Forget the Easter treats – look out for the Easter threats!

Forget the Easter treats – look out for the Easter threats!

Every year our homes are over run with chocolate eggs at Easter time.  With an estimated 10 million dogs in the UK, no doubt there will be a few drooling mouths as you tuck into your Easter treats.  You may well think; what harm would a few cubes of chocolate do to your fury friend?

Actually, more than you’d realise.  Giving dogs and cats human chocolate they cannot digest can make them feel very unwell.  In fact, the British Veterinary Association recorded in 2016 that 81% of vets across the UK dealt with at least one case of toxic ingestion from chocolate in pets during the celebrations, whilst another survey by Direct Line Pet Insurance revealed 89% of vets had treated cases relating to chocolate within the last 12 months, at an average cost of £220.

While most owners are aware of the dangers, even a tiny treat can cause trouble; chocolate contains a compound called xanthines and ingestion can cause muscle tremors, difficultly in breathing, irregular heartbeats, and in some cases be fatal.  However it’s not just the chocolate you need to be wary of when it comes to your four legged friends…

Easter treats

Entertaining guests over the Easter weekend typically brings with it platefuls of nibbles such as nuts.  However, most varieties of nuts contain high amounts of phosphorus which can lead to bladder stones; as little as six nuts are enough to cause some dogs to develop muscular tremors and paralysis in their legs.  Hot cross buns are a common favourite around Easter time yet contain raisins, sultanas, lemon zest and the spice nutmeg.  These ingredients are toxic to animals causing all sorts of problems from hallucinations, increased heart rate and blood pressure to abdominal pain, seizures, and may even prove fatal.

The meal

Leftovers from the Easter as meal, such as chicken bones shouldn’t be given to your pet.  Bones can splinter easily causing damage to the intestine and can cause choking if they get stuck in your pet’s throat.  Stuffing often contains onions and garlic both these ingredients typically contain the toxic ingredient thiosulphate.  This can cause haemolytic anaemia, where the pet’s red blood cells burst while circulating in its body.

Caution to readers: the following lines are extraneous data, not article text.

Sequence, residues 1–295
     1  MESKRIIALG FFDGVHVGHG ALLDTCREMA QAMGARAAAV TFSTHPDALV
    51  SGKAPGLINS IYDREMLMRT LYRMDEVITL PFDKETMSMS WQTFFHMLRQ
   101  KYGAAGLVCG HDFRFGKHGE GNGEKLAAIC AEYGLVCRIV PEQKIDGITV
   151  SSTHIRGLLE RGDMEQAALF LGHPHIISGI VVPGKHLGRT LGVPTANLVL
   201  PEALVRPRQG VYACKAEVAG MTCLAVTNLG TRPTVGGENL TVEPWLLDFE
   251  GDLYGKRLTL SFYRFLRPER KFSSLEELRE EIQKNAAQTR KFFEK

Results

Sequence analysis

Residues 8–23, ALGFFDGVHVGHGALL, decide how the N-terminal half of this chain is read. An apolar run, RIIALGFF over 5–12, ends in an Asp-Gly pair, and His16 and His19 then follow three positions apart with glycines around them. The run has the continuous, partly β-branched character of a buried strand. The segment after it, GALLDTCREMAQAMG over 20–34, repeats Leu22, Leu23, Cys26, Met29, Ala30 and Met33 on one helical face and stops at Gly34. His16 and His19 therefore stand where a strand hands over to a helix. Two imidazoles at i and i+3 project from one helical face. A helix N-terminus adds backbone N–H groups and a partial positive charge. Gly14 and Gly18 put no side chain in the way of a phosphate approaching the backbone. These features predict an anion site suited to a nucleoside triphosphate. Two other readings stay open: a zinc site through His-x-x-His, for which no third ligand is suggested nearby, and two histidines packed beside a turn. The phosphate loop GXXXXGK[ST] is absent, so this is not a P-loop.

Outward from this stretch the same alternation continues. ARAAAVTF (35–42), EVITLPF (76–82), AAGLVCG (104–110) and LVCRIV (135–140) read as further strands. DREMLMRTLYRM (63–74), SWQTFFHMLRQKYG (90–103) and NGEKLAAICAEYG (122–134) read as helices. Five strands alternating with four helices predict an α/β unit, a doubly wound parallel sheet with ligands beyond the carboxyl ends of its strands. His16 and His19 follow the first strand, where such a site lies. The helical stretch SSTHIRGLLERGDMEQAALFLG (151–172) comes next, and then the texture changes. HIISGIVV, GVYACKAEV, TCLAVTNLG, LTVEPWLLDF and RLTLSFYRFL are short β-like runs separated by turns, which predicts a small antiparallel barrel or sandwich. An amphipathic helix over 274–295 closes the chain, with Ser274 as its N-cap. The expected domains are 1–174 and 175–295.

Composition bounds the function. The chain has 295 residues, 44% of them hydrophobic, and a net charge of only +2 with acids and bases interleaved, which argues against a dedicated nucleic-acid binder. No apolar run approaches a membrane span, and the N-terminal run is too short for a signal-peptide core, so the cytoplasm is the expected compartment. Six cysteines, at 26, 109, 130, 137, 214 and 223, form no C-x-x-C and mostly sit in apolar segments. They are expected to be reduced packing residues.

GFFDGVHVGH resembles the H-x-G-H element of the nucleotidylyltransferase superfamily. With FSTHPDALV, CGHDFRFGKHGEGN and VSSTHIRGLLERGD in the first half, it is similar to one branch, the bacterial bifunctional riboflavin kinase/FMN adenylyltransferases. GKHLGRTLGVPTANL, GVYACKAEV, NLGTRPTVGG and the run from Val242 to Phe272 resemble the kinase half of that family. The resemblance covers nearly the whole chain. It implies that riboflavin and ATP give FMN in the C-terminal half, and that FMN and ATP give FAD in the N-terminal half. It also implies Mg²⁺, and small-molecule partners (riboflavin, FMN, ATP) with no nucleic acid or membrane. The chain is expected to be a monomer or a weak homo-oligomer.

Easter flowers

At Easter many of our houses will be filled with spring flowers to decorate the table or be given as a gift from visitors.  In particular the Lilium of Hemerocallis species which include: tiger, day, Asiatic hybrid, Easter, Japanese Show, rubrum, stargazer, red, Western, and wood lilies, are highly toxic to cats.  Even the tiniest amount ingested can result in acute kidney failure or death.  Lily of the Valley may not kidney failure, but still may result in life-threatening heart arrhythmias or death when ingested by a cat.  So best to stay clear of these flowers altogether.

Easter gifts

Pets, especially dogs, are particularly curious of mystery packages especially Easter Egg shaped boxes!  So, make sure you keep any edible treats stored safely away.  If you’re decorating your house for Easter with fluffy chicks or bows, make sure you keep these out of reach from your pet.


Most of us enjoy a tipple during the Easter Bank Holiday, but remember that alcohol should be strictly kept in the hands of humans and away from furry paws!  Dogs are much more susceptible to the poisonous effects of alcohol and ingestion can lead to laboured breathing, behavioural changes, hypothermia, seizures and cardiac arrest.

Following these simple steps will help you and your furry friends have a happy and safe Easter.

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